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The OCD (Obsessive Compulsive Disorder)

Nitpicky co-workers who point out every inch of your work do exist. So does a superior who constantly critics the way you do things. There’s one trait that can be associated with this kind of people and that is the obsessive-compulsive disorder (OCD).

They are individuals who constantly want to be in control of everything and anyone that is around them. Usually, they’ll overstep their boundaries just to justify their means of getting things done on their own terms even if it’s not fully related to them.

Despite their high expectations and the desire to be perfectionists, their personality can be a nuisance sometimes. Their controlling nature can backlog job tasks when they pick on the smallest issues. If you are working with a colleague with this trait, praise them for their commitment and effort but also give them advice on keeping a balance.

The Victim Persona

Compared to the other traits, individuals with this personality are not as common in the workplace. They become noticeable once they start to complain once too many times. They’ll usually claim as the victim, especially when things start to be problematic.

To interact with these victims, be patient with them when you talk to them. Never let them pull you into a constant wave of complaints about the same issue. They like to ruminate on things. You can empathise with them while giving a benefit of a doubt, but don’t let it tire you out. It is best to be firm and assertive so excuse yourself from their wet blanket sessions when it gets too overwhelming.

The Self-Doubter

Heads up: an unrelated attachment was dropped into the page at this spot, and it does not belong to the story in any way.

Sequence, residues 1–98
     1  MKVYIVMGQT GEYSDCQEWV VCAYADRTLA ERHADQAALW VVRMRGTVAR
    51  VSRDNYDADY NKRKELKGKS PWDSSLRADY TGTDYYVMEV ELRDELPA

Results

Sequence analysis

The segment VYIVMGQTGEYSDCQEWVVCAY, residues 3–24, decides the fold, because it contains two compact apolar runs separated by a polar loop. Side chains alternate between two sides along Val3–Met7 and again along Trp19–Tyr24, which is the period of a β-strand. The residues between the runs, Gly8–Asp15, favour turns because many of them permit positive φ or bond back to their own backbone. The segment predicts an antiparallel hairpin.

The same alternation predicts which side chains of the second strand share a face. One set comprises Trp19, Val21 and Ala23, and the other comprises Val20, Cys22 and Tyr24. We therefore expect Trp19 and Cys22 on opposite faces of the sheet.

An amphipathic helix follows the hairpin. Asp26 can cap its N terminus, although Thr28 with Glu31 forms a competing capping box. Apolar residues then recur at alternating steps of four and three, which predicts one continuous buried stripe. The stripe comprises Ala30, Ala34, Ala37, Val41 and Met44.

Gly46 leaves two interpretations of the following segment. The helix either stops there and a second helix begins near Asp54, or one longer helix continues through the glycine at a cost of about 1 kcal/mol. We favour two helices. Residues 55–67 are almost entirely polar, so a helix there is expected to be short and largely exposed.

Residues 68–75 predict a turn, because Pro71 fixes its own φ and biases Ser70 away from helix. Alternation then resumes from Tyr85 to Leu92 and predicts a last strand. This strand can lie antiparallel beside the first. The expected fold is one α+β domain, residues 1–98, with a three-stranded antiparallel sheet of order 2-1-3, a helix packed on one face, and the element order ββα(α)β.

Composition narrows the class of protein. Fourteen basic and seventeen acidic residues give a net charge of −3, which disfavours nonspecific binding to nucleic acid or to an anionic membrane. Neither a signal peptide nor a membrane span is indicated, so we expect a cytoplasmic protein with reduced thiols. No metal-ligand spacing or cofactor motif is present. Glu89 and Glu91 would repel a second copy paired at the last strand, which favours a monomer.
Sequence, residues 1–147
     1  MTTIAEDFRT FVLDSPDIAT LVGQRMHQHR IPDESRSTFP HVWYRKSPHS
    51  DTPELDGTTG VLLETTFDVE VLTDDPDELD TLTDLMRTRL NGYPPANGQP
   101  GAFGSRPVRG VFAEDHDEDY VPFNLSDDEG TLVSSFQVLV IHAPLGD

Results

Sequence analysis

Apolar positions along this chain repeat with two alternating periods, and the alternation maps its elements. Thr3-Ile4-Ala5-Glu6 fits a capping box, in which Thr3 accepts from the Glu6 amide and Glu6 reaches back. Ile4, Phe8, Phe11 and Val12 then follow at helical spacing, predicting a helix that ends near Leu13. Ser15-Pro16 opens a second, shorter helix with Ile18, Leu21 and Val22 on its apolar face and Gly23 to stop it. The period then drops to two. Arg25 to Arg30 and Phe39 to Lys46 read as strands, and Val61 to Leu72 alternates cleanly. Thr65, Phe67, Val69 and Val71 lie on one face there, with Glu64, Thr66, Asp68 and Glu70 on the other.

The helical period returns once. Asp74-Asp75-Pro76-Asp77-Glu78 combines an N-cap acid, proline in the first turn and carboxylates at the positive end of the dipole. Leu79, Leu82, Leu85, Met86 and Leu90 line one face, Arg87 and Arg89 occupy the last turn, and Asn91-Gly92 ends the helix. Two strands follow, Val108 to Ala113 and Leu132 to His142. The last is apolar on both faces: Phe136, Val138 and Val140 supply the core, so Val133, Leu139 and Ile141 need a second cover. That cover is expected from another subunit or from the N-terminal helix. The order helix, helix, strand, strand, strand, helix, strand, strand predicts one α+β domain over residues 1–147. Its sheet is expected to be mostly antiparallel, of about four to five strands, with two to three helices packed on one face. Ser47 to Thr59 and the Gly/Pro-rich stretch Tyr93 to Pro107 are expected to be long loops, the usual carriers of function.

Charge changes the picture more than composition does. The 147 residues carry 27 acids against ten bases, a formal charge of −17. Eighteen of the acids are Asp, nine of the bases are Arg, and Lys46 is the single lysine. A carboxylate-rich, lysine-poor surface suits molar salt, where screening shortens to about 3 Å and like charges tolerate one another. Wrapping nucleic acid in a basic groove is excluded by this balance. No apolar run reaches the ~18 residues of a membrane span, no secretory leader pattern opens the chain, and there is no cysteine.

People who are paranoid tend to find the worst kind of assumptions about anything that can happen. It won’t be easy to get them to understand the good side of things but it is possible. They are usually suspicious of other people’s actions and their motives, distrusting, and interpreting the actions of others from a negative standpoint. For instance, they’ll worry about a certain issue before any decision is made and waste their energy on it.

Avoid getting involved in altering their perceptions of reality, even if things don’t sit well with you. The least you could do is offer an explanation or share updates for their information. It is not easy to work with paranoid co-workers and the best approach is to try and communicate effectively with them to ensure both sides are on the same page.

Narcissistic Colleague

Working alongside an egotistic colleague can be one of the most annoying work experience ever. These individuals tend to display a sense of entitlement, lack of empathy for other people’s opinion, and the thirst to be praised regardless of their own personal efforts or not. Similar to ‘The OCD’ personality, they like to take control of situations and gain support to build up their presence regardless of how it could affect their relationship with the people they work with.

 ”If you’re sure the person you’re dealing with is someone with narcissistic characteristics, ignoring them is a preferable option.”- Teguh Li

The Detrimental Individual

Categorised as abnormal or a psychopathic, individuals with this trait have the tendency to inflict harm on other people through deceit and manipulation. They will grab any opportunity to get things done regardless if it’s unethical or illegal. If you’re currently working with this type of individual, it is best to stay clear of them. Devise a plan to do so. There is nothing you can really do to change their behaviour but at the very least you can save yourself. It is best not to reveal any important information of yours to them, as they could potentially use it to affect your career or the company.

“They are master manipulators, so you have to be prepared to recognise their methods in time and react before they trap you.”- Robert